“Now but a valley of shudders was Manila, where the famine had become visible as bloated bodies collapsed on the sidewalks.”
Thus Nick Joaquin describes the city during the Japanese occupation in World War II, from 1942 to 1945. It was a time of hunger, pillage, rape, massacre, and bombing. Children were bayoneted in front of their mothers; bodies hit by flying shrapnel lined the distance from hiding places to artesian wells. Books, paintings, and buildings burned to ashes. It was also a time when American internees created zines and comics; Tagalog was used without being described as “malalim”; and music alternated with air raid sirens and radio propaganda.
Filipinas Heritage Library (FHL) seeks to recall this period in history with Manila, My City at War!, a commemorative event for the 70th year of the Battle for Manila on February 3 to March 3, 2015 at the Ayala Museum. The event will consist of a mini conference and exhibit that aim to show the various losses brought about by war. It hopes to open a space for awareness as well as reflection: The Battle for Manila was the war of the present generation’s grandparents. What would this generation go to war for, and what would we be willing to risk losing?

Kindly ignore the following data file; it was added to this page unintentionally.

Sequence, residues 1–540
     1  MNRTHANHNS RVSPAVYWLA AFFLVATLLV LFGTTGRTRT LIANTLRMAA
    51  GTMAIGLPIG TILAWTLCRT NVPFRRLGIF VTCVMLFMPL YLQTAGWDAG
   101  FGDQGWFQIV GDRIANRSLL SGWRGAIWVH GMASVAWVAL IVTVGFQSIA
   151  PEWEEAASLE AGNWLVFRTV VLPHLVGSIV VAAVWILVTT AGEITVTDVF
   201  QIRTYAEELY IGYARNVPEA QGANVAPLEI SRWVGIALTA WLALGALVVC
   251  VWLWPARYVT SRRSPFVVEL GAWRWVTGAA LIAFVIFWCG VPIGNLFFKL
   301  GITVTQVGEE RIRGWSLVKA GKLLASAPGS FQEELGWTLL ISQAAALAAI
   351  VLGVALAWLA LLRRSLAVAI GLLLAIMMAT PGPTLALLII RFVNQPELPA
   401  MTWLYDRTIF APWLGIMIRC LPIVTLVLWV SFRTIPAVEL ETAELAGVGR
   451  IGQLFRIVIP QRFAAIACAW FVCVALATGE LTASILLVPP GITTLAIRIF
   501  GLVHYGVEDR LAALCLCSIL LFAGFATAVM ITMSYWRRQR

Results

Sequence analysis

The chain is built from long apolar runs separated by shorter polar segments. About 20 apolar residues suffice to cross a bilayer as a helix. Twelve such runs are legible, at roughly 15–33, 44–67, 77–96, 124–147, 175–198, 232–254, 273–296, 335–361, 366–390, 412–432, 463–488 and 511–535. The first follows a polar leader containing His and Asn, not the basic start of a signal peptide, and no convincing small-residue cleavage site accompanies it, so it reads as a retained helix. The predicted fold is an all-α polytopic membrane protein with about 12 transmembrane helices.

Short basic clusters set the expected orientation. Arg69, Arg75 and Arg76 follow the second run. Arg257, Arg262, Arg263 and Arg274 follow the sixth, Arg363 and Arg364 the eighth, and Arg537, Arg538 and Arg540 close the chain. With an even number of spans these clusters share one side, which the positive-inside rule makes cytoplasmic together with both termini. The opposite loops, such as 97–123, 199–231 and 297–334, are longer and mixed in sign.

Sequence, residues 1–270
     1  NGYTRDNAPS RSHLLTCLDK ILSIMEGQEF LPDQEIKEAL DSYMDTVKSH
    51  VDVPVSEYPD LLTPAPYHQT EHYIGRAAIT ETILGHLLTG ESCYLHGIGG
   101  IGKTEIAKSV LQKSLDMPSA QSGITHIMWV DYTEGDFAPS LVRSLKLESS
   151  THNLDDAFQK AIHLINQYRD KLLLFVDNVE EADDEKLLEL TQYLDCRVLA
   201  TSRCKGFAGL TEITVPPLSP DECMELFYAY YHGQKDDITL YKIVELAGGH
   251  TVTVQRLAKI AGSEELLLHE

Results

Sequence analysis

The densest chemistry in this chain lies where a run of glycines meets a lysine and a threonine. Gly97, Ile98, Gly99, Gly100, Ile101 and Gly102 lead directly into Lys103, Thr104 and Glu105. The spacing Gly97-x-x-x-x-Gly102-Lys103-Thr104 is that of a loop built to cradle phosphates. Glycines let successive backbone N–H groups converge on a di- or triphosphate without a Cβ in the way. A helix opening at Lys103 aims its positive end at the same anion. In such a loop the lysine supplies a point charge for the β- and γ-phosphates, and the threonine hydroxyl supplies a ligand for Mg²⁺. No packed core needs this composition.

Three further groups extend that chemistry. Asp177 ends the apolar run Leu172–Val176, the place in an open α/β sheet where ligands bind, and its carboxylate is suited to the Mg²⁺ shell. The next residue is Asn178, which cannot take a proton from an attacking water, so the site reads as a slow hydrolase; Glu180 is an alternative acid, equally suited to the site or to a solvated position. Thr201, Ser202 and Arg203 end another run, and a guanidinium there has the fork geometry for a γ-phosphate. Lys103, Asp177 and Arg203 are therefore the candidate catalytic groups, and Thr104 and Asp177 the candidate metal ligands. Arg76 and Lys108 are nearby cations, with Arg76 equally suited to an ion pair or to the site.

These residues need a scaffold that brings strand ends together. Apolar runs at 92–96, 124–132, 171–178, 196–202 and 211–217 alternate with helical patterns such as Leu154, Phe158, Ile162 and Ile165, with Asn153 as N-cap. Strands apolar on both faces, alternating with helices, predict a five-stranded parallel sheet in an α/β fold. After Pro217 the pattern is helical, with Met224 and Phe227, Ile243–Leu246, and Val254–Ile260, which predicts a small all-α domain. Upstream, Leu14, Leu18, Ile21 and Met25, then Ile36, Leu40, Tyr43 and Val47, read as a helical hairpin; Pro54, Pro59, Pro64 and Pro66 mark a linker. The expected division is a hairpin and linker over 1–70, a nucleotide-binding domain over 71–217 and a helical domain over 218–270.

For a complete schedule of activities and information, click this link.
IMAGE DETAILS. Detail of a photo taken shortly before the arrival of the American forces from the north. A man pushes a cart in front of the University of Santo Tomas Press (behind the concrete posts and iron railings) towards Quezon Boulevard. The black smoke in the background comes from a fire raging in Santa Cruz. Courtesy of Filipinas Heritage Library (Retrato Collection)The comments are closed. Submitted in: Education |